Nerve growth factor (NGF) is important for regulation, differentiation, and survival of peripheral and central nervous system neurons, including basal forebrain cholinergic neurons (BFCN) which degenerate in Alzheimer's disease (AD). Mature NGF protein is processed from a larger precursor, proNGF. We demonstrate that proNGF is the predominant form of NGF in mouse, rat, and human brain tissue, whereas little or no mature NGF is detected. Previous reports showed NGF protein, measured by ELISA, is increased in AD BFCN target regions such as hippocampus and cortex. Using Western blotting, we demonstrate a twofold increase in proNGF in AD parietal cortex compared to controls, indicating that it is this precursor form, proNGF, that accumulates in AD. This increase may reflect either a role for biologically active proNGF or posttranslational disturbances in NGF biosynthesis that decrease the processing of proNGF to mature NGF in AD.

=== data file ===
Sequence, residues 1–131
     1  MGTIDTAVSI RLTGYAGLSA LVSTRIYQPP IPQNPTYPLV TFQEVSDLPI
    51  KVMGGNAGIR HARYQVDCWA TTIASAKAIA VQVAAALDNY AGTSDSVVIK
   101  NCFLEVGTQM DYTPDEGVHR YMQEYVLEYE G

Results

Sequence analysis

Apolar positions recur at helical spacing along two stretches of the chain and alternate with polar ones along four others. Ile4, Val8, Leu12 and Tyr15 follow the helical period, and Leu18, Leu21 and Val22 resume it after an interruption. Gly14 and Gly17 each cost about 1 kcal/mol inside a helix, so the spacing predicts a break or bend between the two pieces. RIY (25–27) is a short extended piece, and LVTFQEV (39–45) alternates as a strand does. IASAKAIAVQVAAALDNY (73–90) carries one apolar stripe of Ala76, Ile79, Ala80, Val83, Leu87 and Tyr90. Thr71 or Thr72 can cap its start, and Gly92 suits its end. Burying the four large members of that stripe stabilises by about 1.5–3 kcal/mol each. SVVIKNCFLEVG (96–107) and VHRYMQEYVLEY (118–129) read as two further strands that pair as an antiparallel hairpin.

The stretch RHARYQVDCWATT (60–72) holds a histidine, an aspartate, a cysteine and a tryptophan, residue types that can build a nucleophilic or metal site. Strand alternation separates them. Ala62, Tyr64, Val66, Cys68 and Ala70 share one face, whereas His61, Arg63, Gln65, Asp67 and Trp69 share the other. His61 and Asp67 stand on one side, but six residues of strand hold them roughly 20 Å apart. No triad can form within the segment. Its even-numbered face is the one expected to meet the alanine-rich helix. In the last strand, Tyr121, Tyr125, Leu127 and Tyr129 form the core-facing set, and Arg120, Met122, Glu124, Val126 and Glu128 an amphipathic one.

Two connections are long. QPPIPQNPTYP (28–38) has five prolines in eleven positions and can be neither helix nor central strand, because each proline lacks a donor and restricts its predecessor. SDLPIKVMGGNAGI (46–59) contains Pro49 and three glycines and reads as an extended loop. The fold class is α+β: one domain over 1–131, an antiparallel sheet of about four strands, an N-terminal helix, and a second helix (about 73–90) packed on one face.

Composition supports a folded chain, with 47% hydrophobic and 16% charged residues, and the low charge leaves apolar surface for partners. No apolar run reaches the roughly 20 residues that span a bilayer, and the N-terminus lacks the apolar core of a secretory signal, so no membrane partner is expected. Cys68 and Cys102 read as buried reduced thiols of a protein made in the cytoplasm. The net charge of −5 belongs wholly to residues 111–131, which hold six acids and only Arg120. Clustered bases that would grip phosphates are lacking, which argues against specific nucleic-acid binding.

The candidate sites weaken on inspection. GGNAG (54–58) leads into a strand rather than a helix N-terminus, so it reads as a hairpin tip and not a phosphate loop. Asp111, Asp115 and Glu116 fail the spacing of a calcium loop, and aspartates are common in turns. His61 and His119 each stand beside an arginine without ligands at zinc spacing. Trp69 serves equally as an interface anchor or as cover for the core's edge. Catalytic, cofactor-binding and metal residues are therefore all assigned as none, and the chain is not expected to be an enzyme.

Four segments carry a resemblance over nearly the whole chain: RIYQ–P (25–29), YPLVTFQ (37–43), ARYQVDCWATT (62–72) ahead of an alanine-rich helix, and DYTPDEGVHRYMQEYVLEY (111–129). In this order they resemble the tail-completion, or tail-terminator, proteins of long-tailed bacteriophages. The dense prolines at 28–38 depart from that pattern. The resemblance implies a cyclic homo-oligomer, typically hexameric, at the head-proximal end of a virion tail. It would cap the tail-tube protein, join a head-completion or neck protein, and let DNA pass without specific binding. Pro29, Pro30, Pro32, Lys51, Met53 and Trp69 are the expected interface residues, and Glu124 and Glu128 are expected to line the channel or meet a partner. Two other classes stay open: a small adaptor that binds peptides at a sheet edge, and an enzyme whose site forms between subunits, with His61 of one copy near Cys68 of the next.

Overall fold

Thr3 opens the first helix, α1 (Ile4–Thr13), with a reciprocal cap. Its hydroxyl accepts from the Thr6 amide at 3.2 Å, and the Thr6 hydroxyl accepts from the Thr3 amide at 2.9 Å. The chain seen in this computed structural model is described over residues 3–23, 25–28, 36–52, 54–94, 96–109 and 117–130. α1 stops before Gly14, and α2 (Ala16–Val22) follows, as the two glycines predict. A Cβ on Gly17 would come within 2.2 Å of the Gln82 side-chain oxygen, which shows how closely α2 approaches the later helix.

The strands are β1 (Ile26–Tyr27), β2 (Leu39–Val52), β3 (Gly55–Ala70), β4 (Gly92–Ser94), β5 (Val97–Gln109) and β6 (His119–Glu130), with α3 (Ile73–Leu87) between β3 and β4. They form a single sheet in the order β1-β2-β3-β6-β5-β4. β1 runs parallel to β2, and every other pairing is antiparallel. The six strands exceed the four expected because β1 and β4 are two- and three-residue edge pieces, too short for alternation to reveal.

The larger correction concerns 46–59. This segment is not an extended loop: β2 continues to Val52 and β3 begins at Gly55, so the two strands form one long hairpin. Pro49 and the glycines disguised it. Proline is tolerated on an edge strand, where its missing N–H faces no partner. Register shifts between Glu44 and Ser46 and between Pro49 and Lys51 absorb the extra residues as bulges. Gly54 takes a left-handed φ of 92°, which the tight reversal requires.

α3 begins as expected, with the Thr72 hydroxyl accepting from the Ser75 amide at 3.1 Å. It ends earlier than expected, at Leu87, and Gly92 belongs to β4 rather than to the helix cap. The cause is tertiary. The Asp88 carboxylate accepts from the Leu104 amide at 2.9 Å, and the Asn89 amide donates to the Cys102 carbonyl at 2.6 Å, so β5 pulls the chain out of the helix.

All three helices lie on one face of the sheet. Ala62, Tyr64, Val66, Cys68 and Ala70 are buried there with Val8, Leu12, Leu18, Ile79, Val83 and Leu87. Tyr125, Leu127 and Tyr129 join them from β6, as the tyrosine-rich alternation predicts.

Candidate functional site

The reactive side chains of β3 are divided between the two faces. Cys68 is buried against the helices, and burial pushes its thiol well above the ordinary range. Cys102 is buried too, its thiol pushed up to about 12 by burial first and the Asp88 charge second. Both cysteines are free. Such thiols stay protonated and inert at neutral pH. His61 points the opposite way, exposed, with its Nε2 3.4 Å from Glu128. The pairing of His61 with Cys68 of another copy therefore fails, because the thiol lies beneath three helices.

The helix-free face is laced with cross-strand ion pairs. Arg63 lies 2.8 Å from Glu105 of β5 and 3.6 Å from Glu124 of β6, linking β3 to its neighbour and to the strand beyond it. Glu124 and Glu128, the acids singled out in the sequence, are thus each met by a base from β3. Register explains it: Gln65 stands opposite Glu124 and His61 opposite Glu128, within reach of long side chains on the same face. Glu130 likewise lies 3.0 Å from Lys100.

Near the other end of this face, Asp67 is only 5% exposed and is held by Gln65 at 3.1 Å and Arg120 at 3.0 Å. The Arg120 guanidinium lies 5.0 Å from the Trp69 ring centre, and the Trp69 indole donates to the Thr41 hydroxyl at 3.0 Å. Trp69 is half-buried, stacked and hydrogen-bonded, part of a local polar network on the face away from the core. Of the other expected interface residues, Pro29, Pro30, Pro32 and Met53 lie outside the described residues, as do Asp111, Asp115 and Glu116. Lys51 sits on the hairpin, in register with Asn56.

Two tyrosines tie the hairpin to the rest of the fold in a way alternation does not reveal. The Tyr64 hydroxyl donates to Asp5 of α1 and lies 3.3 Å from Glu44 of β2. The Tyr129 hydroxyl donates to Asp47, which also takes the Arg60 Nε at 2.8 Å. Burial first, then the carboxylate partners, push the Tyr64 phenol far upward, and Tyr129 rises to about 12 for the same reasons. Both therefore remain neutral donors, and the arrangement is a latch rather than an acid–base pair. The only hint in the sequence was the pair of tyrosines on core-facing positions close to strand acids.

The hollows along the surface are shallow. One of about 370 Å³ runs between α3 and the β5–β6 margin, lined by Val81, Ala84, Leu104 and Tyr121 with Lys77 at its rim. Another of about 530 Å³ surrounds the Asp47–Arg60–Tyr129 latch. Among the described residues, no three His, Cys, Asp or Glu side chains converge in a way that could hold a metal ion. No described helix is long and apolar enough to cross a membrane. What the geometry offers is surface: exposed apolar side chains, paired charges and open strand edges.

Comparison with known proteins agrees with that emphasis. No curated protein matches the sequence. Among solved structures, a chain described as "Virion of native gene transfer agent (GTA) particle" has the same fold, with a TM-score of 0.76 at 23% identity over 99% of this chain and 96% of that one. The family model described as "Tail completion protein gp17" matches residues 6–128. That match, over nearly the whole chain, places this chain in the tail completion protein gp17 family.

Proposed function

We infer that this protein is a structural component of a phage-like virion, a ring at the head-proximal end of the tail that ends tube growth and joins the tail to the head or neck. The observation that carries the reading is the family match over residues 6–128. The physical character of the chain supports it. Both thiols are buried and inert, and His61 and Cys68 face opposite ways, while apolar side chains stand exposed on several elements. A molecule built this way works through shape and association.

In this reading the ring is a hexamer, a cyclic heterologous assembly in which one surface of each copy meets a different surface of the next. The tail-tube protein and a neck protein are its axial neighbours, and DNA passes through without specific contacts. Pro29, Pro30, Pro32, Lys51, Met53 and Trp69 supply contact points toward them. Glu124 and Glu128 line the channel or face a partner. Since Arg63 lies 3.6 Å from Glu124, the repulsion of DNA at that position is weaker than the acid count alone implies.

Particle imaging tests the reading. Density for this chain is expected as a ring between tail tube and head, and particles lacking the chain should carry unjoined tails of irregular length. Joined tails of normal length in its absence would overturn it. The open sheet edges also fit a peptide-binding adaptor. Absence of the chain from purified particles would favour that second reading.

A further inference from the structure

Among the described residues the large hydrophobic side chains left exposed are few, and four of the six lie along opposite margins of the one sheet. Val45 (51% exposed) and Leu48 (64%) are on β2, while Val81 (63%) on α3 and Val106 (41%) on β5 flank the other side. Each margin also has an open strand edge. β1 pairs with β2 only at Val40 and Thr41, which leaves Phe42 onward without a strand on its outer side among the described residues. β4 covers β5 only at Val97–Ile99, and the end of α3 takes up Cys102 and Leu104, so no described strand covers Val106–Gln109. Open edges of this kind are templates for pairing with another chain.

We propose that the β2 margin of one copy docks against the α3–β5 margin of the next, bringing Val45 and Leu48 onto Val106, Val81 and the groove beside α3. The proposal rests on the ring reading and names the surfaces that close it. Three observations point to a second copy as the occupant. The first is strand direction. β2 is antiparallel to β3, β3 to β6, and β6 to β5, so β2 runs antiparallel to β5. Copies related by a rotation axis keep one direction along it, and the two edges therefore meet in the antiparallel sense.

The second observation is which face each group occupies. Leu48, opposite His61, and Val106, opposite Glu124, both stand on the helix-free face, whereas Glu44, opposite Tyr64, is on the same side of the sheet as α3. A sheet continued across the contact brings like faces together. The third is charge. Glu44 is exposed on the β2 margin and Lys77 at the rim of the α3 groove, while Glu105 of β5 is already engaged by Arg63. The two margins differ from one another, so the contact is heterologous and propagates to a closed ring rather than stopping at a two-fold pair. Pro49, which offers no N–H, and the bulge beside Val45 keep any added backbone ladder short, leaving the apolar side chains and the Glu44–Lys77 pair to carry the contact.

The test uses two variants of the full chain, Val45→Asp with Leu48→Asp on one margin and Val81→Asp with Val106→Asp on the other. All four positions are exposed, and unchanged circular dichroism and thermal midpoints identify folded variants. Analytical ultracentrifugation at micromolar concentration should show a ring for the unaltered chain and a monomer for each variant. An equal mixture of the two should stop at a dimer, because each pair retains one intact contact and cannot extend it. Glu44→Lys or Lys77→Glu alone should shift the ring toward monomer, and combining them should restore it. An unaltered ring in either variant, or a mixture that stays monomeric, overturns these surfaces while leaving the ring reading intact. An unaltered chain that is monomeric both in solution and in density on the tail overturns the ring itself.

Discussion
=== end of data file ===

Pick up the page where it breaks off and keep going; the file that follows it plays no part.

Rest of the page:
Copyright 2001 Academic Press.